Entrepreneurs

Why Hybrid Work Environments Are Failing Enterprises

By Andy Tryba, co-founder and CEO of Ionic Partners, as well as the CEO of Gigster and Sparkrock.

Many leaders today believe that hybrid work environments are the future. They are wrong.

Before we get into why I think this, let’s first define the different work models. A fully remote workplace means that all employees work from home or other remote locations. An all-in-person workplace means that all employees work from a central office location. A hybrid workplace, on the other hand, combines both remote and in-person work. Some employees work from home and others work in the office.

At first glance, the hybrid model seems like a good idea: Give the employees choice and flexibility while leveraging your fancy office space. So what’s wrong with hybrid? Turns out, it’s the worst of both worlds.

Using a circuit as a metaphor, we can think of employees in both fully remote and all-in-person environments as equal “nodes.” Through necessity and opportunity, each employee forms “high-bandwidth connections” between the nodes, allowing for quick communication and collaboration.

In an in-person environment, people physically interact with each other in meeting spaces, conference rooms, hallways, etc. Tons of connections and collaborations occur. In a fully remote world, each node is forced to connect through remote collaboration tools like Microsoft Teams, Confluence, etc., but each node is still equal. The CEO doesn’t get an extra “knock knock” on your Slack notification. Everyone has to spawn connections to understand what’s going on, get help, make decisions and operate. These remote connections are harder to build but eventually, tons of connections and collaborations also occur (arguably more than in physical offices).

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However, in a hybrid work model, a split emerges. The in-person nodes create high-bandwidth connections with each other but rarely pull in the remote nodes. They don’t mean harm, but it’s extra effort to ping Bob on Teams and pull him into the hallway chat. So it just doesn’t happen. As a result, the in-person teams operate at a much faster rate. And the connections out to remote employees become super low-bandwidth—like dial-up speed. Remote employees are no longer privy to impromptu discussions and quick changes of information that happen in the office.

In my experience, hybrid work models fail companies in three ways:

1. Remote employees quickly become irrelevant.

As the in-office employees collaborate and socialize without the remote employees, the remote employees become less connected to the pulse of the organization. Even worse, when decisions are made in impromptu hallway meetings, the remote employee’s thoughts are not included. Oftentimes, they are not even told about the decisions. Remote employees become secondary, despite their position or tenure.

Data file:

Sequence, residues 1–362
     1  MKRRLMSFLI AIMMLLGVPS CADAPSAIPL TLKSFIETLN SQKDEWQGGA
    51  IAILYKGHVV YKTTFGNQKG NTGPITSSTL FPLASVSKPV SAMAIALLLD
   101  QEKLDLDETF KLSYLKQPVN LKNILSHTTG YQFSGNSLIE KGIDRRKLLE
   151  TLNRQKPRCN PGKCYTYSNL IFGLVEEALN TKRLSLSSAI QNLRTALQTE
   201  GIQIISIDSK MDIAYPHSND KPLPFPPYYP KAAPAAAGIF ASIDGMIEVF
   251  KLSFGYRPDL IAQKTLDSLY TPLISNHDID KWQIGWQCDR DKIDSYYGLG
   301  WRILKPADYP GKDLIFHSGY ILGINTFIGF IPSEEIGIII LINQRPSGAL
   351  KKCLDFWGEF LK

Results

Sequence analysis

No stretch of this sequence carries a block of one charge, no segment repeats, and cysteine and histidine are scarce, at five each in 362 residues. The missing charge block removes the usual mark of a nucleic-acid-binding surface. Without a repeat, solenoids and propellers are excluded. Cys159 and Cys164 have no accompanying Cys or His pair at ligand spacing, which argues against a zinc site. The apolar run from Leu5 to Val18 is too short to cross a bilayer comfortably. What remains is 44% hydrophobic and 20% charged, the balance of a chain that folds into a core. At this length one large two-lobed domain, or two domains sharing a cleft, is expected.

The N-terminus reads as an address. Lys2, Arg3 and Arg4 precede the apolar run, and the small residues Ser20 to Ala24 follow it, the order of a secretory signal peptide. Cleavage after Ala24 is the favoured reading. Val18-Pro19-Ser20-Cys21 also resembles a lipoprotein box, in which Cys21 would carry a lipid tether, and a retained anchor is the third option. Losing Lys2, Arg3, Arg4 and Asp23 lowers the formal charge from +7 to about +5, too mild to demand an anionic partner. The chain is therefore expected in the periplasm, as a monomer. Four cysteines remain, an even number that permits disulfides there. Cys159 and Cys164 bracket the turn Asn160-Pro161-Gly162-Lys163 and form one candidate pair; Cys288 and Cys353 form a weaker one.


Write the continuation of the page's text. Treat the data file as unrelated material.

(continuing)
2. Remote employees lose information and power.

When these in-person discussions occur (which is all the time, every day), they are rarely documented. And if they are it’s highly unusual to also include the train of thought, debate or alternatives considered. This leads to a significant lack of information for remote employees and handicaps them. Then, it leads to decreased productivity and a feeling of being out of the loop. Over time, remote employees will lose power within the company due to their lack of information and connections to decision-making.

3. The company no longer focuses on remote culture.

In a hybrid work model, the old-school office culture takes over. Everyone knows and is comfortable with random coffee chats, happy hours, birthday cakes and other “normal” social activities. Human beings are social, and there’s no problem with that. The issue is that it’s harder, if not impossible, for remote employees to be part of these activities, leading to a feeling of isolation and disconnection from the company culture.

To do hybrid work effectively, companies must be “remote first” and not just “pandemic remote.” Upgrade your equipment and platforms. Offices, by definition, are not remote-first, and that’s why you see lackluster video conference room setups like a camera shooting down the length of the table. Companies should also commit to taking advantage of higher-caliber global talent, asynchronous decision-making and work occurring while others sleep.

If companies can’t commit to this, they should go all-in on in-person or fully remote work. Either step into the future or step back to what you know. But ditch the hybrid.

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